A Curriculum in Subtractive Color Learning for Post-Secondary Education

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Kimmel, Kent Nevin
Longley, Edward L. Jr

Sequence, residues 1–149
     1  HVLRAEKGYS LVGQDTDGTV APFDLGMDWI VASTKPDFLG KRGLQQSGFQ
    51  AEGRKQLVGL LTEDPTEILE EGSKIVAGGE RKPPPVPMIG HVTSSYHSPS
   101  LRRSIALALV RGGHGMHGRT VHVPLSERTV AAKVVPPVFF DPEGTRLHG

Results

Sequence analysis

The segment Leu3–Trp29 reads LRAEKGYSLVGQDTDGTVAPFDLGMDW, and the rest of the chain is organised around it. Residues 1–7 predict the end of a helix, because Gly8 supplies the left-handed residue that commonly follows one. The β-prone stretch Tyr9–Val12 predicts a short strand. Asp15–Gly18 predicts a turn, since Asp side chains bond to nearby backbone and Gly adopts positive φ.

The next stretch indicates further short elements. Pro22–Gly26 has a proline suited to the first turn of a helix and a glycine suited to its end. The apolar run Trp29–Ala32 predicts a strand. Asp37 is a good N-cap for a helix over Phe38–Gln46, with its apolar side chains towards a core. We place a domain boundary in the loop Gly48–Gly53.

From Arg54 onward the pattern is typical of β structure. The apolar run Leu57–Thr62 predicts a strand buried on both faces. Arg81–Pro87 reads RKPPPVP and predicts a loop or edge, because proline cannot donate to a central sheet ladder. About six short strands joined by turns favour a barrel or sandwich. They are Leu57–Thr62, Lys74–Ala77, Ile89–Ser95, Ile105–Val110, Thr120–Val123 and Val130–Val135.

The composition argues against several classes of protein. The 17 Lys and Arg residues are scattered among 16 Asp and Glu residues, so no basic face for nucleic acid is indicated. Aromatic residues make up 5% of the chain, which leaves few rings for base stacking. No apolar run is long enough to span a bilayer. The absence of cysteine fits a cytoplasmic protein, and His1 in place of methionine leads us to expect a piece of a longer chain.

In the 1920's, Johannes Itten developed and taught the Basic Course at the Bauhaus. As part of the basic course, he developed a syllabus in subtractive color learning. One of Itten's former students, Josef Albers, formalized the instruction into a series of specific color exercises. Although the Itten-Albers syllabus is the most consistently used color instruction format in post-secondary education today, there exists no published validation for contemporary color learning. As its major thrust, this work is the first to present a critical analysis of the Bauhaus color syllabus by developing a curriculum in color learning that provides a sufficient balance of verbal and visual information. A review of color texts and empirical research was conducted, and an evaluation of the relevance of the applicable citations was made and found inadequate for guidance in curriculum development. Of the available literature, none provides a comprehensive guide for course development, leaving the curriculum developer-reformer without guidance for constructing a logical and comprehensive syllabus. In addition to the review of literature, a questionnaire was submitted to selected post-secondary institutions to determine how and by whom color was being presented, and what published and/or unpublished literature, and what methodologies were being used in the field. Data indicated the lack of a subtractive color curriculum guide, and a disparity in the content and quality of color instruction. Using the survey data and related literature, a curriculum in subtractive color instruction was designed which outlined the relationships of color history, and human color vision and discrimination to the physical aspects of reflected light color. The curriculum can be described as a detailed sequence of practical instructional exercises, each preceded and accompanied by verbal and visual instructional content, providing the instructor with a guide for presenting color theories and the student with a method for learning how to translate those theories into practical examples of color relatedness. This work revealed that authors of color texts and research do not generally present them as curriculums. While the curriculum of Itten, Albers, and Sargent appear to be the most comprehensive, each lacks either sufficient verbal or visual content. Limitations of the completeness and efficiency of this curriculum suggest that an item analysis of the mid-course written examination be conducted, that the potential for a final examination be explored, and that the curriculum be presented in other classes to evaluate the sequencing of practical exercises.